I was really nervous about replacing the flooring on our own. I’d read some stuff online about needing to take it all up, clean up the sticky goo underneath and start from scratch. It seemed like so much work for something we might pull up when we redo the kitchen. Isaac was optimistic and persistent. He found that we didn’t need to do any of that. Maybe it’s because our current tile was old and had lost a lot of it’s adhesiveness, but he was able to peel up the old tile relatively easily and replace it with the new planks.

Kitchen Flooring Before

We found some rustic peel and stick vinyl tile at Lowe’s. I’m all about the chic farmhouse look so this flooring was my top choice.

And here’s the finished product:

Rustic Wood Floors with Peel and Stick Vinyl Tile

The only big challenges were matching the tiles because our old ones were square and the new ones were planks and then cutting the planks perfectly for areas around the edges. Isaac just measured and cut the pieces with a utility knife.

Rustic Wood Floors with Peel and Stick Vinyl Tile

Each plank costs $1.47 and we needed about 100 planks to cover our kitchen floor so the whole project ended up costing us about $150.00 and a bit of Isaac’s time and hard work for the install.

Rustic Wood Floors with Peel and Stick Vinyl Tile

Overall, we couldn’t be happier. It’s definitely not real deal hardwood flooring (which we would adore) but the planks look very similar to natural wood flooring and give our kitchen that rustic farmhouse vibe I love. They’re also much lighter than our old flooring so the whole kitchen is brighter now. I would have never thought that we could replace our kitchen flooring for less than the cost of a new kitchen faucet. Pretty sweet!

DIY Rustic Wood Plank Flooring for Cheap // How we replaced our kitchen flooring with rustic wood kitchen floor planks for around $150!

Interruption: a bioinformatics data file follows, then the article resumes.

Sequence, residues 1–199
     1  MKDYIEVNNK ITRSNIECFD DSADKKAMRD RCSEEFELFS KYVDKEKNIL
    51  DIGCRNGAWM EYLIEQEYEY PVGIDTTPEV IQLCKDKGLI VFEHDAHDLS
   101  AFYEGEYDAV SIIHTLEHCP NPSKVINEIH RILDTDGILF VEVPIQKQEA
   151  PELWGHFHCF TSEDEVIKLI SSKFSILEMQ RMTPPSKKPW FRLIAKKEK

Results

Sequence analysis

Have you ever done any surprisingly cheap DIY home projects? I’d love to hear about them! 🙂

About Brittany

Hey there, I’m Brittany, the creator of Eating Bird Food, cookbook author, health coach and mama of two littles. Here you’ll find quick and easy recipes that make healthy fun and enjoyable for you and your family!

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  1. Everything looks so cute and the pictures are fab.I don;t have my own house but as you know rented flats are so ugly and I did the painting and some mini DIY projects like a blackboard in my living room alone.It feels so good when you look at it!

  2. Really interesting projects! Our home was also built around 1950 and we have the EXACT same kitchen counter tops – I feel your pain on the grout thing – I am constantly bleaching it. We have the vinyl flooring too and a TON of wasted space. Plus the cabinet doors are falling off because the screws are stripped out. SO needless to say, we want to do a kitchen reno too, but i love these ideas for quick and easy upgrades!

  3. Looks great! Did you guys have to remove all the existing “tile”? Was there plywood & a lot of adhesive left underneath? If so, did it all have to be removed before installing new flooring? I’m desperate to find inexpensive flooring that I can install over old linoleum without having​ to float the entire floor.